Updated: Anil Potti, Duke Cancer Researcher Accused of Misconduct, Resigns

Updated 6:30 p.m. with comments from Dr. Anil Potti, IGSP Director Huntington Willard and Dr. Michael Cuffe, DUHS vice president for medical affairs.

The Duke cancer researcher who has been under investigation for research misconduct since this summer has resigned.

Anil Potti

Dr. Anil Potti stepped down from his positions at Duke’s Institute for Genome Sciences and Policy and the School of Medicine Friday and took sole responsibility for the problems in his research, IGSP Director Huntington Willard said. Potti had been on paid administrative leave since this summer.

“This is obviously a very regrettable series of events at all kinds of levels,” Willard said in an interview Friday.

Potti’s resignation comes after the termination of clinical trials based on his research and the retraction of a key paper he authored. The terminations and retractions occurred because Duke no longer had confidence in the research underlying them. In resigning, Potti took responsibility for the problems that undermined this research.

In an e-mail, Potti did not discuss details of his resignation.

“It has been a difficult time, as you might imagine,” he wrote.

He said Willard’s message to IGSP staff “summarized things well.”

“[Potti] accepted full responsibility for a series of anomalies in data handling, analysis and management that have come under scrutiny in the past months,” Willard wrote in an e-mail to IGSP staff.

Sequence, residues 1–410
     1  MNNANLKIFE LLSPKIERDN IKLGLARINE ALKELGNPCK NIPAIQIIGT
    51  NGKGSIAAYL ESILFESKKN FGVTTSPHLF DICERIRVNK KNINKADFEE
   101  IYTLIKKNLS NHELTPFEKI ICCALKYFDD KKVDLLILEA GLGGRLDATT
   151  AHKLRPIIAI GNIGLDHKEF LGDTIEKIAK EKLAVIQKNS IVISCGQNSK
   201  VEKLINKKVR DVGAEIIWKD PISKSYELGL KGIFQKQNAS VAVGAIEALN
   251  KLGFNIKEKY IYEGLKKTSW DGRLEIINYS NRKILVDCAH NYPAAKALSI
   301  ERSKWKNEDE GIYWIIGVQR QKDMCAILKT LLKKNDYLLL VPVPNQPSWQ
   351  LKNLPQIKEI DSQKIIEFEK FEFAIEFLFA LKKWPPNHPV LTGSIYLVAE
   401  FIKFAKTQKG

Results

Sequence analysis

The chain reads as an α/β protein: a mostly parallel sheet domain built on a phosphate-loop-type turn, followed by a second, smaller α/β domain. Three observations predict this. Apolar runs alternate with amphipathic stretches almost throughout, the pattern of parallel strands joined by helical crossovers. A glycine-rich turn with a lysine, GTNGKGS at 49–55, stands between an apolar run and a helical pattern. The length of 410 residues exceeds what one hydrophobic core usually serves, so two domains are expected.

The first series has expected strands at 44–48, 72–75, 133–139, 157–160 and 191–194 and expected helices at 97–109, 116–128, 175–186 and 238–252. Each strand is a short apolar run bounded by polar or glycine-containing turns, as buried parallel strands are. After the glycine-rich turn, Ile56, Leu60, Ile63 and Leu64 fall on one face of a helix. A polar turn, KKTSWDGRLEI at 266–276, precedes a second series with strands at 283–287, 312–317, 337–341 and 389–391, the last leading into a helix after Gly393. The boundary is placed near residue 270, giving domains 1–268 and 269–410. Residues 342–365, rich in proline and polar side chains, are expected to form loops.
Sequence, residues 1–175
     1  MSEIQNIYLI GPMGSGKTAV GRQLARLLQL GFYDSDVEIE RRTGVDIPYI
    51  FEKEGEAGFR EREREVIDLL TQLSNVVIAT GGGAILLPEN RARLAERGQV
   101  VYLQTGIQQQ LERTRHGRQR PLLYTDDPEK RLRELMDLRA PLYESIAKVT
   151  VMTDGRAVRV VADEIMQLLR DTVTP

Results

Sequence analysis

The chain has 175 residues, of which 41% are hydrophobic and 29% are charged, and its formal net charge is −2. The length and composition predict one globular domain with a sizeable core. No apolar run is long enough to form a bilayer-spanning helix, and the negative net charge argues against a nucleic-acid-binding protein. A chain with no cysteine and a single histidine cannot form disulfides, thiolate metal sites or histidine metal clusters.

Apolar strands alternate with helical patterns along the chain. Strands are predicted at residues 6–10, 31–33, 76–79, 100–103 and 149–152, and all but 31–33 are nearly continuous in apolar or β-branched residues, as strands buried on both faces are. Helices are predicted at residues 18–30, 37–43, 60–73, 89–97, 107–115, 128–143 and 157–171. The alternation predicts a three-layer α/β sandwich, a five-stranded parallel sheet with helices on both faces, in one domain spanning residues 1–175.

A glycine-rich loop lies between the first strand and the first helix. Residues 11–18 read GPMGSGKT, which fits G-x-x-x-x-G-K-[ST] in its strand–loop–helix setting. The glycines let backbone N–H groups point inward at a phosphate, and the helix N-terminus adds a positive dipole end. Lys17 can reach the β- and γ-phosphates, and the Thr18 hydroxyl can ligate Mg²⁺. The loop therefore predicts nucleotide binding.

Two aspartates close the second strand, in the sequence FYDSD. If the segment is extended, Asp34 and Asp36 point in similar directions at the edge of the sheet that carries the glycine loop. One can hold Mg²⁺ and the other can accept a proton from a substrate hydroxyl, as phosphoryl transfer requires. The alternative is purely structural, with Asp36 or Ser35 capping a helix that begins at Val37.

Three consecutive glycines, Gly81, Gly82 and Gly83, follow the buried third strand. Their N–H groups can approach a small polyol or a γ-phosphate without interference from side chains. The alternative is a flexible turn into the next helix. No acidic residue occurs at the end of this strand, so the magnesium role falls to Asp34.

Moving forward

Potti chose to resign, Willard said, so that other researchers at IGSP could move forward with their work.

“He came to a realization that he wasn’t going to be a part of that future,” Willard said. “Once he reached that conclusion, then resigning was the obvious thing to do.”

Willard noted that Potti’s resignation was not an admission of research misconduct. Both Duke University Health System and Institute of Medicine investigations into Potti’s research are ongoing, officials at the institutions said.

“We still have a lot of work to do as a university and as a medical center to bring this investigation around research misconduct and the other elements forward, whether he’s here or not,” said Dr. Michael Cuffe, DUHS vice president for medical affairs. “Our focus is on the patients, it’s on the review of this foundational science and any retractions that are necessary.”

“These trials should not have been done”

Three clinical trials based on Potti’s research were terminated earlier this month due to questions about the underlying research. The cancer treatment trials had been suspended this summer after allegations that Potti falsified portions of his resume led to scrutiny of his research.

“In retrospect, these trials should not have been done,” Cuffe said.

He said he does not think patients were harmed in the trials, because all were provided with standard of care cancer treatments. Still, he said he will ask the researchers responsible for running the trials whether they have any concerns about patient safety.

Duke also informed the patients, their families and their doctors about the clinical trial problems, he said. He told the physicians to discuss any other cancer treatments that the patients might want to pursue.